06 November 2013
Turmoil within the Catholic Church
By M.J., AAI NEWS TEAM
Recent activities in and by the Catholic Church indicate significant challenges for and struggles within its leadership, as the Church attempts to define a way forward in the modern world, which is often at odds with many of the traditional messages of the Church. Sexual and financial scandals have eroded confidence in the Church and contributed to the tide of people leaving the faith. These and other issues of concern to the Church will be discussed here in light of recent events.
The Church knows something needs to be done. Recent meetings held by the Catholic Church in Europe highlight issues of high concern to the Church in the region, issues which greatly affect the influence and the future of the Church: Secularization, Youth and Islam.
Europe is largely secular, and as the Church seeks to maintain a strong influence on politics and society it knows that is has to learn to deal with that fact. A meeting was held by the Council of European Bishops (CCEE) in Bratislava, Slovakia to discuss the issue of secularization, the separation of Church and State, how these threaten the church, and how the church should move ahead.
Youth are of course of immense importance to society, for they will be the future leaders, voters, consumers, and in the case of the Church, they will either be followers, or they won’t. The Church knows full well that if the young do not accept religious teachings then the church will fail. The meeting in Bratislava highlighted that evangelizing and winning the youth into the religion is both a high priority and a significant challenge.
At the Slovakia meeting Cardinal Peter Erdo stressed that “Secularism does not exclude religion”, and expressed concerns regarding the right to and respect for religious freedom. The Church believes that secularism produces indifference to the Christian heritage of Europe and is concerned about religion being displaced from the public sphere to become a private matter.
Secularism does promote freedom of religion. However this is a double edged sword for the Church, for the very freedom of religion that the Church wishes to ensure and strengthen has given relatively equal standing to all religion, not just Catholic or even non-Catholic Christian denominations, including the religion that Christians most fear: Islam.
Islam is of significant concern to the Church as it is perceived to be gaining ever stronger influence in Europe, even as the influence of Catholic Church is in apparent decline. The influence of Islam is indeed growing: as reported by the Deutsche Welle, the estimated population of Muslims in Europe in 2011 was 44 million, and is expected to rise to 58 million by 2030.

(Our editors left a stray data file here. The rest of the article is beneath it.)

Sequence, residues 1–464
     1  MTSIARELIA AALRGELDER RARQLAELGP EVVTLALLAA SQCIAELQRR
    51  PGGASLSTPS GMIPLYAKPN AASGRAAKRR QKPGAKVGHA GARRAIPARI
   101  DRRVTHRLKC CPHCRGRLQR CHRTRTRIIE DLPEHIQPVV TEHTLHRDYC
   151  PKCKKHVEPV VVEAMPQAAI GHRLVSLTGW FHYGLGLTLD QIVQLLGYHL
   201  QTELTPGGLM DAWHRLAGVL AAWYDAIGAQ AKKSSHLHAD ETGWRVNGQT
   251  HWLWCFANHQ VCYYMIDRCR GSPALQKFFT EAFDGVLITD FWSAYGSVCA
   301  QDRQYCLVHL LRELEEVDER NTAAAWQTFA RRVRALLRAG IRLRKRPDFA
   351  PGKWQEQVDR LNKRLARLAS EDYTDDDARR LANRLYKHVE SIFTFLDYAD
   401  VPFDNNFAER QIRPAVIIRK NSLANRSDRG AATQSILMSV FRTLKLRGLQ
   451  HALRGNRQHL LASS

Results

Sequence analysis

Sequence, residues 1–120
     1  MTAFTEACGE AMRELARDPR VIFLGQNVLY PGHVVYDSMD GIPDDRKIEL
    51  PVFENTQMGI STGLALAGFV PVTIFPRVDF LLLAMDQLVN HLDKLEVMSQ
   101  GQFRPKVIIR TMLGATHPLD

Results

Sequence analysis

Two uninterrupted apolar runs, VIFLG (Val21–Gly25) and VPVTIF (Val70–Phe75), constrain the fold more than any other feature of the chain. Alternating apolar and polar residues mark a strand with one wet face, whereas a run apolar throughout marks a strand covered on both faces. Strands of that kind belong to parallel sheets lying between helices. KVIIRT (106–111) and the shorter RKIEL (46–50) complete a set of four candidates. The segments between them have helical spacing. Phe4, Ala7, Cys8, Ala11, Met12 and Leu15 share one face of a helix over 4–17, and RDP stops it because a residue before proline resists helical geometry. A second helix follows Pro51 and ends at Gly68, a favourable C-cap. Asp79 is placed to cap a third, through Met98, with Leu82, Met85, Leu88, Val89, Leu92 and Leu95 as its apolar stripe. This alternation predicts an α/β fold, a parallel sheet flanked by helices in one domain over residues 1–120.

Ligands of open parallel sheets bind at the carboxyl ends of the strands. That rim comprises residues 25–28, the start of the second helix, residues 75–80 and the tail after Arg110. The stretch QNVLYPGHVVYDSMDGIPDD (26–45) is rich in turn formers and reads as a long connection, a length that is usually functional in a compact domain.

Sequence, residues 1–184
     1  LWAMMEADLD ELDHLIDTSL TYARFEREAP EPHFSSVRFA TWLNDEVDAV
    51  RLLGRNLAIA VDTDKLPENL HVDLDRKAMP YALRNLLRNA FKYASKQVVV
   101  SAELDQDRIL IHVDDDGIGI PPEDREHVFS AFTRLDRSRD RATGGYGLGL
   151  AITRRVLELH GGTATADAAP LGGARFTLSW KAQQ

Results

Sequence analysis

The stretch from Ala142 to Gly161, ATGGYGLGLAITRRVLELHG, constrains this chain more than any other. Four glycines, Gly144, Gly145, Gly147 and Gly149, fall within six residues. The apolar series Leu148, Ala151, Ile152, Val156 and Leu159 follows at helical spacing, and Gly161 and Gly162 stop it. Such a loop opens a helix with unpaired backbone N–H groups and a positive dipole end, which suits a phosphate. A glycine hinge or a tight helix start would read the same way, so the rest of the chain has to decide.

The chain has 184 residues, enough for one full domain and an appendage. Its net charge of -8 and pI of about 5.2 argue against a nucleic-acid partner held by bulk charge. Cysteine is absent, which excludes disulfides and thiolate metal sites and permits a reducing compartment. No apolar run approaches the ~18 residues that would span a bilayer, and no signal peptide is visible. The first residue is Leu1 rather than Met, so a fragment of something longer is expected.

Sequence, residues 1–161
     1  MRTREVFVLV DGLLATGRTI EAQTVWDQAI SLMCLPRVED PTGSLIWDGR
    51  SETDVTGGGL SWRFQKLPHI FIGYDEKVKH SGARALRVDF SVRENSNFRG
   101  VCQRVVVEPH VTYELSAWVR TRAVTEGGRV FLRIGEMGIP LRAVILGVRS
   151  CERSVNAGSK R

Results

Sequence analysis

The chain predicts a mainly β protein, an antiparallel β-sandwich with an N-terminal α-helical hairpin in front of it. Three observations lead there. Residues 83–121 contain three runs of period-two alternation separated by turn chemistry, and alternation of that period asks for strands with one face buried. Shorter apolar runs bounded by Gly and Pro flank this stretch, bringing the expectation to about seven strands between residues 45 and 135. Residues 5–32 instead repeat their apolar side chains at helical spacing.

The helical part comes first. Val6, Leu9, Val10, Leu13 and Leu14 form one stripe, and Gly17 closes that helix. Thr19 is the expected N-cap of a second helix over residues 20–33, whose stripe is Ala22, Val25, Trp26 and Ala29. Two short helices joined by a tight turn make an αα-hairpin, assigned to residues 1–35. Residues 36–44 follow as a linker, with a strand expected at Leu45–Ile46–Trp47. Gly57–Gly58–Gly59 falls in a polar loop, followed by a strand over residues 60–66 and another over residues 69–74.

So how does the Church intend to tackle these problems? One task, as indicated above, is fighting for the Church to be considered important to society, indeed to combat the notion of separation of Church and State. Another option is reform, to make the Church more attractive to an ever less conservative and more critical society, especially its youth.
Pope Francis has proven to be a reformer, giving softer messages regarding homosexuality, atheism, and contraception, and hinting at being more accommodating of women in the Church. He has also been combatting the excesses of the Church, refusing to wear extravagant attire, and recently suspending a bishop who led a very extravagant lifestyle.
Some within the Church are eager for reforms, considered as too eager even, with some bishops being warned not to implement reforms faster than the Pope. Others within the Church are against reforms. Since the Church has a long history of extravagance, the Pope will face internal battles as a result of his efforts to reduce it. Also Pope Francis’s comments regarding homosexuals, atheists and contraception were quickly ‘clarified’ by other Church officials.
The Church is clearly struggling with its position in society. While it recognizes its need to adjust to the times if it is to remain influential in a secular society that treats all religions equally, it continues to send mixed messages, continues to be the subject of scandal, and continues to lose followers. And all the while Islam is making slow but sure progress in a society which, through policies of freedom of religion, and equality, is thus equally tolerant of all religion.
No wonder the Catholic Church is worried.